Red Cadeaux. © IRT/Racing Victoria

A horse arrives at quarantine.

Sometimes horses are prone to scramble when they get into a tight spot or there is turbulence during the flight and injure themselves. This can be solved by providing more space in the air stable. “It is important that we know if a horse has a tendency to kick or scramble on the float or truck, so we can make arrangements,” Chris says. It is very rare that horses are sedated for travel. Vet and staff have to also take into account that the horse may race or compete the next day and the drug could still be in their system. On occasion, however, it may help to sedate a nervous flyer.

“Fortunately, though, you are dealing with an intelligent animal,” Chris says, “and a horse that travels, such as an elite sport horse or racehorse, is usually a well-educated horse. Therefore you normally don’t have huge problems – but horses being horses, you never know.”

Other concerns are colic and travel sickness. Anyone who suffers motion sickness will agree, travel sickness is the biggest enemy to long-distance travel. Staff try and get the horses’ heads down to feed off the floor whenever the crew confirms there is no turbulence or when the plane is on the ground for a tech stop or refuelling. It gives horses a chance to stretch their necks and clear their throats, so to speak. During the refuelling stop all horses stay on board. If there was a technical problem with an aircraft, horses would still remain in their air stable and just change planes.

A Boeing 747 can take up to 87 horses, but usually with competition horses or racehorses there are only two horses in each air stable and therefore only 50-60 horses aboard a full charter. And then there’s American Triple Crown winner, American Pharaoh, who has his own private plane. Chris smiles: “There’s always the odd horse that has his own charter!” American Pharaoh’s plane is different; there are no air boxes, the entire inside of the Boeing 727 was gutted and replaced with stable stalls and the whole thing looks more like an open barn, complete with straw on the floor. It is what you call a walk-on, walk-off system. Chris explains the difference. “It is what was used many years ago, but obviously with airport security and also concerns about horses walking up a ramp at the airport, it doesn’t happen much any more around the world. But it is certainly a good service in the US for the domestic movement of horses.”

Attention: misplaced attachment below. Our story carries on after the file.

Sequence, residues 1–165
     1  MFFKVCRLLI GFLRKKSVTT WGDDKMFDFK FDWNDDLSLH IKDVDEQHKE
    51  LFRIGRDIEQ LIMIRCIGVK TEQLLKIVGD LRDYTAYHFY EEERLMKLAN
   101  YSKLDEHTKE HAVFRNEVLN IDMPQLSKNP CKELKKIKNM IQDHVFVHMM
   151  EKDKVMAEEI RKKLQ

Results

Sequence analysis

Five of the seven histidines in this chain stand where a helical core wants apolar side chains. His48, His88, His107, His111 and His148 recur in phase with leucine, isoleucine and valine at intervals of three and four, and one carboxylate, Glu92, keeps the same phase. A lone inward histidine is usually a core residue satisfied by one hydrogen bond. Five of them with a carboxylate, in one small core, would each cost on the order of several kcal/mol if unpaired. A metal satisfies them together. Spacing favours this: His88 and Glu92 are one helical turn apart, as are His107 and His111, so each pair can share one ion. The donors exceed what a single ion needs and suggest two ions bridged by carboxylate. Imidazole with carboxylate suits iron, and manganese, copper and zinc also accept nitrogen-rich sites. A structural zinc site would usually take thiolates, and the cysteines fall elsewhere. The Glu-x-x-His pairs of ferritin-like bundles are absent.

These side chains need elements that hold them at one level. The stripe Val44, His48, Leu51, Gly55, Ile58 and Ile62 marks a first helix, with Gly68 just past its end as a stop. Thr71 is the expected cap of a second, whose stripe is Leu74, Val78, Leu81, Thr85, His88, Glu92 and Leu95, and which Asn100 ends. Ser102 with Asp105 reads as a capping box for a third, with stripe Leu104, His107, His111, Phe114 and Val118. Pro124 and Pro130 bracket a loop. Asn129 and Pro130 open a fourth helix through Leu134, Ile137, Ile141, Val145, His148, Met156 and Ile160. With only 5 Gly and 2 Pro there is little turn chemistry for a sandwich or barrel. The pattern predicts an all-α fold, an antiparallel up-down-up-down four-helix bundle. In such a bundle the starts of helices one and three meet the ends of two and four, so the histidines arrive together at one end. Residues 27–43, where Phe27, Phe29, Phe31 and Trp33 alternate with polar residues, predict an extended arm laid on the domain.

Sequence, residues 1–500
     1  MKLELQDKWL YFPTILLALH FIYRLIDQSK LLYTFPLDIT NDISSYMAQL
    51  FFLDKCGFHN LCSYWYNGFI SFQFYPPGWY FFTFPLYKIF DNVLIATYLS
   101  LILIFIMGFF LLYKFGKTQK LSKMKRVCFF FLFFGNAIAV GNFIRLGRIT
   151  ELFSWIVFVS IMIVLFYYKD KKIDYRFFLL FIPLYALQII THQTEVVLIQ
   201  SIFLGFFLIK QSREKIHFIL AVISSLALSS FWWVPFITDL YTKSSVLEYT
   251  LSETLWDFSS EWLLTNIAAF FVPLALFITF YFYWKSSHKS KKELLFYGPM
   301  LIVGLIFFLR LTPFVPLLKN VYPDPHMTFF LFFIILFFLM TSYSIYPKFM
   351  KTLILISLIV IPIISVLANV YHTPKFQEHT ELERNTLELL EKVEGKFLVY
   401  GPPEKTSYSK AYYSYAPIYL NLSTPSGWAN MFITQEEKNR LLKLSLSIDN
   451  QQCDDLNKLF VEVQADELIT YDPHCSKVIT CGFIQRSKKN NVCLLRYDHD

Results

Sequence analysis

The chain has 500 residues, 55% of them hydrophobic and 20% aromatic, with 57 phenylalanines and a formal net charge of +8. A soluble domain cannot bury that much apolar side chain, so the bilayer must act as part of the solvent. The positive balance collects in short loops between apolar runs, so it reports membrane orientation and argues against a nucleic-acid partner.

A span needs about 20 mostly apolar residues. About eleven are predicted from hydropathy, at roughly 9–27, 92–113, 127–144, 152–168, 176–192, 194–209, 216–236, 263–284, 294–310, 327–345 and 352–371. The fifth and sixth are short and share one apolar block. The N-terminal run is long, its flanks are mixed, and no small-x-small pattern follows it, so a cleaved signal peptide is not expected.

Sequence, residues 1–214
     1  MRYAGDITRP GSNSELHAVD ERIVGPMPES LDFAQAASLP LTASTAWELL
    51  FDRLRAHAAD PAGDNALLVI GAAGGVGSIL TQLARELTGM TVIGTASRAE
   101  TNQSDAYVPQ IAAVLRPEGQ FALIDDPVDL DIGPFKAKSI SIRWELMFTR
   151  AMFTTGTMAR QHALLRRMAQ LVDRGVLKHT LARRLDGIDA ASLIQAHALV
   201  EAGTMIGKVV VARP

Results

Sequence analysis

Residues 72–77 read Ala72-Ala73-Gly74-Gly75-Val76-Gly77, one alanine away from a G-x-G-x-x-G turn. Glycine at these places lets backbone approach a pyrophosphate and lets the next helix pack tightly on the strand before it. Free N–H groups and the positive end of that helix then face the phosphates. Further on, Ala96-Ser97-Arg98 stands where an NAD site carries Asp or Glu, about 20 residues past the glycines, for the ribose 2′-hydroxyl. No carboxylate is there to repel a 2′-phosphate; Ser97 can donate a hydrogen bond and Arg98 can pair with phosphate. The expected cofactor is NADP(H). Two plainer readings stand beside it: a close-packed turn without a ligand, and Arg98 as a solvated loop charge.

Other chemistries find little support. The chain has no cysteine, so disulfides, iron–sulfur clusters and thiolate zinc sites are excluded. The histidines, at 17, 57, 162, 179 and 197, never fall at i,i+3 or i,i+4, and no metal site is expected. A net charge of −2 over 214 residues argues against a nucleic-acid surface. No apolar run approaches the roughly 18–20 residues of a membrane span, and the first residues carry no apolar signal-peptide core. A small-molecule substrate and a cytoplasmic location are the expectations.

Following the flight, arrangements are made for the horses to be cleared at the airport and customs before they are transferred to trucks and taken to another designated quarantine station for a minimum 14 days. During that time further testing will be done, for example, for equine influenza. The horse’s health and temperature are monitored to make sure they are not developing something previously untested. IRT staff will care for the horses during this time. The period after travel is the most crucial one. Horses can appear fine hours after the flight, but it may take up to four days until you know if there’s any negativity from the travelling.

Nowadays equestrian is a global sport, the Thoroughbred breeding industry is a multi-million dollar business and there’s at least one horse in transit for every hour of the day! Almost two decades ago Chris Burke started off in the charter industry supplying clients like IRT with suitable aircraft before he eventually joined the company to share his expertise with the then mainly horsey staff. By now he is a horse expert as well!